"When more than one claim for relief is presented in an action, ... or when multiple parties are involved, the court may direct the entry of a final judgment as to one or more but fewer than all of the claims or parties only upon an express determination that there is no just reason for delay and upon an express direction for the entry of judgment. In the absence of such determination and direction, any order or other form of decision, however designated, which adjudicates fewer than all the claims or rights and liabilities of fewer than all the parties shall not terminate the action as to any of the claims or parties...."
In the case before us, the bankruptcy court has yet to resolve the claims of the estate against the Guccinis, their counterclaim, or the bank's cross-claim against the Guccinis for indemnity. Consequently, absent a Rule 7054 certification by the bankruptcy judge, the entry of summary judgment against the bank was neither final nor appealable to the district court.1 Adirondack Ry., 726 F.2d at 62; In re King City Transit Mix, Inc., 738 F.2d 1065, 1066 (9th Cir.1984) (per curiam). Therefore, because the bankruptcy court's order was not final, the district court's order was not final and we have no jurisdiction over these appeals.
One other matter remains to be addressed. As we observed, the district court possesses jurisdiction "with leave of the court" to hear appeals from "interlocutory orders and decrees[ ] of bankruptcy judges." 28 U.S.C. Sec. 158(a). Having determined that the order of the bankruptcy judge was interlocutory, we recognize that if it had granted leave for appeal, the district court would have had jurisdiction. The record, however, does not reveal any district court order allowing an appeal or any request by the bank or the Guccinis.
Bankruptcy Rules 8001-04 govern appeals by leave. Rule 8001(b) provides that "[a]n appeal from an interlocutory judgment, order or decree of a bankruptcy judge ... shall be taken by filing a notice of appeal ... accompanied by a motion for leave to appeal." Rule 8003(a) requires that a motion for leave to appeal contain a statement of the facts necessary to an understanding of the questions presented by the appeal, a statement of those questions and the relief sought, a statement of the reasons why an appeal should be granted, and a copy of the order. If a motion for leave to appeal is not filed, but a notice of appeal is timely filed, "the district court or bankruptcy appellate panel may grant leave to appeal or direct that a motion for leave to appeal be filed." Bankr. 8003(c).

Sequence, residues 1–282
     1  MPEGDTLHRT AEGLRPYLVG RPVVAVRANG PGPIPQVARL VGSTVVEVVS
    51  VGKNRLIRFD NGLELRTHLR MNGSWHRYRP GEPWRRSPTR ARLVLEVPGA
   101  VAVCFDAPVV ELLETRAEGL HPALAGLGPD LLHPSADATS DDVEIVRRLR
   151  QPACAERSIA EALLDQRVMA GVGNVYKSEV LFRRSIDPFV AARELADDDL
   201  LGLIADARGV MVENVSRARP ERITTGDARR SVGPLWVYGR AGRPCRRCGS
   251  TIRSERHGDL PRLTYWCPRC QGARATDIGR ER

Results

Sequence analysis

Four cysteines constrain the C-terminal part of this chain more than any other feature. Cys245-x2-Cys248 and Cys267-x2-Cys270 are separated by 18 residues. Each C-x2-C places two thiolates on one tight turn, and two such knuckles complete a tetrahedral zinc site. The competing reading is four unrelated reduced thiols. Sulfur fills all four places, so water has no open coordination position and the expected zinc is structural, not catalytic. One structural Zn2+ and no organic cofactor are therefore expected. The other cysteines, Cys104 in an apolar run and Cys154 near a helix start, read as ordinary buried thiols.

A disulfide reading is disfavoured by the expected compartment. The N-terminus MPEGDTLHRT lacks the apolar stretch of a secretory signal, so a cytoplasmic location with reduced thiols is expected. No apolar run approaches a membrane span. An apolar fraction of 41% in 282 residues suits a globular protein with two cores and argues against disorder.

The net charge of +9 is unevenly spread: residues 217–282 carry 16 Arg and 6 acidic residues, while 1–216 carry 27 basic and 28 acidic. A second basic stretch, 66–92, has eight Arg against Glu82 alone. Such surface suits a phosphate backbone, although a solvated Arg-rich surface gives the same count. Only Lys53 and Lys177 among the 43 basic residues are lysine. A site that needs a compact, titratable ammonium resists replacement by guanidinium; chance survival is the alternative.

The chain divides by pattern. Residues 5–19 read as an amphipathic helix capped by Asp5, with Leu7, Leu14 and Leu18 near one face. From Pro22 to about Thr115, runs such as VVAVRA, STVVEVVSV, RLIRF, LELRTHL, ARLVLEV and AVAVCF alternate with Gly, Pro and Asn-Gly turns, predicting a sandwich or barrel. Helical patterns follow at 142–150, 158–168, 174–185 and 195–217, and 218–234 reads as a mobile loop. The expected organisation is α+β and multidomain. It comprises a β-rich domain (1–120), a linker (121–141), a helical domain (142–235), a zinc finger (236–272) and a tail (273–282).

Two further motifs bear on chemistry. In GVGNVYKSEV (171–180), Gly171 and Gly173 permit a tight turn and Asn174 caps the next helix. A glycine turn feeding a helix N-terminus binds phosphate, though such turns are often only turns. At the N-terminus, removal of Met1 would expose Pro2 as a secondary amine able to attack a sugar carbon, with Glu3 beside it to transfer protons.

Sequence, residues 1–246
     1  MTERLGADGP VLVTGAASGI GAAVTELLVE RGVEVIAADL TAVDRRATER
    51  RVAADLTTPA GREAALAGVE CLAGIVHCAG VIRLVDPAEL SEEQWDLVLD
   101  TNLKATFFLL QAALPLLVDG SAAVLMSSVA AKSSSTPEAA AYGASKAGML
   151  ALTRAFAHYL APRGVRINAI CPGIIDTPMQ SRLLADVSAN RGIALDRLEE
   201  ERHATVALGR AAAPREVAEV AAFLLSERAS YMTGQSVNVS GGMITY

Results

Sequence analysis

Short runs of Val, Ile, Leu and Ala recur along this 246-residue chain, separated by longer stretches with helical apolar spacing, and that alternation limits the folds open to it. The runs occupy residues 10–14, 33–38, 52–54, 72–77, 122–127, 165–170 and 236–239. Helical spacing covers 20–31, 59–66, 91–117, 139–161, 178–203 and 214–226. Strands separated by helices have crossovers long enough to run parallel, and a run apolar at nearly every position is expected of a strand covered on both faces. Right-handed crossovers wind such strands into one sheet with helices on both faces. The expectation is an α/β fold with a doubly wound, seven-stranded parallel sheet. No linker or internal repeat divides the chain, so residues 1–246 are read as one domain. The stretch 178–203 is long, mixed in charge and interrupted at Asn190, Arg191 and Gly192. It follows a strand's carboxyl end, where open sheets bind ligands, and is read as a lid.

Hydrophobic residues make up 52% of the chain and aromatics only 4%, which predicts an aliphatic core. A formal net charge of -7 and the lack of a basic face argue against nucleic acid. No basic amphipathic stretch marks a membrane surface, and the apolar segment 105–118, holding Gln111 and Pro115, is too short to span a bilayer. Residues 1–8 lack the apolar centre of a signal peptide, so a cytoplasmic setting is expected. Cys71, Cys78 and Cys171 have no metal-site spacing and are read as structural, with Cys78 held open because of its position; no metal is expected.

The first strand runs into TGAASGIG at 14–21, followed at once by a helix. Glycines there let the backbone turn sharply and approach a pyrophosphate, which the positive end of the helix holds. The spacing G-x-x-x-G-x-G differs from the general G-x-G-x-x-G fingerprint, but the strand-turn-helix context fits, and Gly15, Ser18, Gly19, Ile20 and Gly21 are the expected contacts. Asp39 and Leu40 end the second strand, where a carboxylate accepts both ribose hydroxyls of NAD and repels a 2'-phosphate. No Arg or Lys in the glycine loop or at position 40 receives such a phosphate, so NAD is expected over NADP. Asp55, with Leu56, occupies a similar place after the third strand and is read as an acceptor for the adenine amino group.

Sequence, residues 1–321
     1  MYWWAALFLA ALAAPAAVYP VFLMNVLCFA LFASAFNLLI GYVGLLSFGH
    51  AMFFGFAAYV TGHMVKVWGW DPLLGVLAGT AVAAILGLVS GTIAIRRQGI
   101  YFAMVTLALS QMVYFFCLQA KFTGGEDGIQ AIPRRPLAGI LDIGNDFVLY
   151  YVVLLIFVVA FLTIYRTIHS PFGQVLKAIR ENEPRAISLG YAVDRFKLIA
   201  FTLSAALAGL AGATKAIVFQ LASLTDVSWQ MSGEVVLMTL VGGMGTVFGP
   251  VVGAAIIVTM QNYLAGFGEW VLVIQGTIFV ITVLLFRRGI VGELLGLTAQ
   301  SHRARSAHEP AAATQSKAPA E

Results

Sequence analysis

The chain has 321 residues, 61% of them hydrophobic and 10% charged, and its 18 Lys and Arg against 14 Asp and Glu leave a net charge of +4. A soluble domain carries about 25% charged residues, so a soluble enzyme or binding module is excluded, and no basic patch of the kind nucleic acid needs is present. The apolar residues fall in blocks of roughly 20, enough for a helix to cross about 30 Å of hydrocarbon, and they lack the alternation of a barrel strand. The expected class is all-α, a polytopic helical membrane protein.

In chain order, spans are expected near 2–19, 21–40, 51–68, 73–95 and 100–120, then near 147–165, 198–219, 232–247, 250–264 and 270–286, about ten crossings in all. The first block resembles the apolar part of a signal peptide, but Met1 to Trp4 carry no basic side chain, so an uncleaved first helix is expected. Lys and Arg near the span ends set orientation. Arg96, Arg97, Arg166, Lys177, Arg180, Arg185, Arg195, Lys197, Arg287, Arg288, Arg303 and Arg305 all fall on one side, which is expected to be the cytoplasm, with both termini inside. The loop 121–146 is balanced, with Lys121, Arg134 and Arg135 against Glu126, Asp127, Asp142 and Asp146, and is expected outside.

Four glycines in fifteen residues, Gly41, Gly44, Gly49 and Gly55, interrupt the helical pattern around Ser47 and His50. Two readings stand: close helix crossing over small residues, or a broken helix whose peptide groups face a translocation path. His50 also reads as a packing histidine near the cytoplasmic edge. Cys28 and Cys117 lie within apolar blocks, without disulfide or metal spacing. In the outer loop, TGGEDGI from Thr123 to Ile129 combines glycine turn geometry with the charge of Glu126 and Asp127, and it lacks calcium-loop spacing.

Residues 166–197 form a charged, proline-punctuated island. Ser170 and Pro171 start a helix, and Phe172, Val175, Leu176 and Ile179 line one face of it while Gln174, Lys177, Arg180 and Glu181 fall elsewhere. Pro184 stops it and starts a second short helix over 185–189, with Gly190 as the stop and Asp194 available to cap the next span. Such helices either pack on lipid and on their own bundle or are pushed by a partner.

The Advisory Committee note to subsection (c) explains that the district court has three options: direct that a motion be filed; grant leave to appeal exclusively on the papers already filed; or deny leave to appeal. Nothing in the record indicates that the district court chose any of those alternatives. See In re Committee of Asbestos-Related Litigants, 749 F.2d 3, 5 (2d Cir.1984).
Arguably, by actually ruling on the bank's appeal the district court impliedly granted leave to appeal the interlocutory order. We are not inclined, however, to approve such a practice. The statute specifically demands leave, and litigants who wish to benefit from that statutory provision should abide by its requirements. Moreover, by complying with Rule 8003(a), the litigants will alert the district court to the need for an informed exercise of discretion in deciding whether to grant leave to appeal.
In any event, were we to assume that the district judge had impliedly granted leave, we still would lack jurisdiction. The appeal to us would be from an interlocutory, and not a final, order.
The appeals will be dismissed.
It is likely that the error in failing to serve the Guccinis would have been discovered if the bank had requested certification under Rule 7054(a). The Guccinis would then have been given the opportunity to present their defense petition to the bankruptcy court, a right to which they are entitled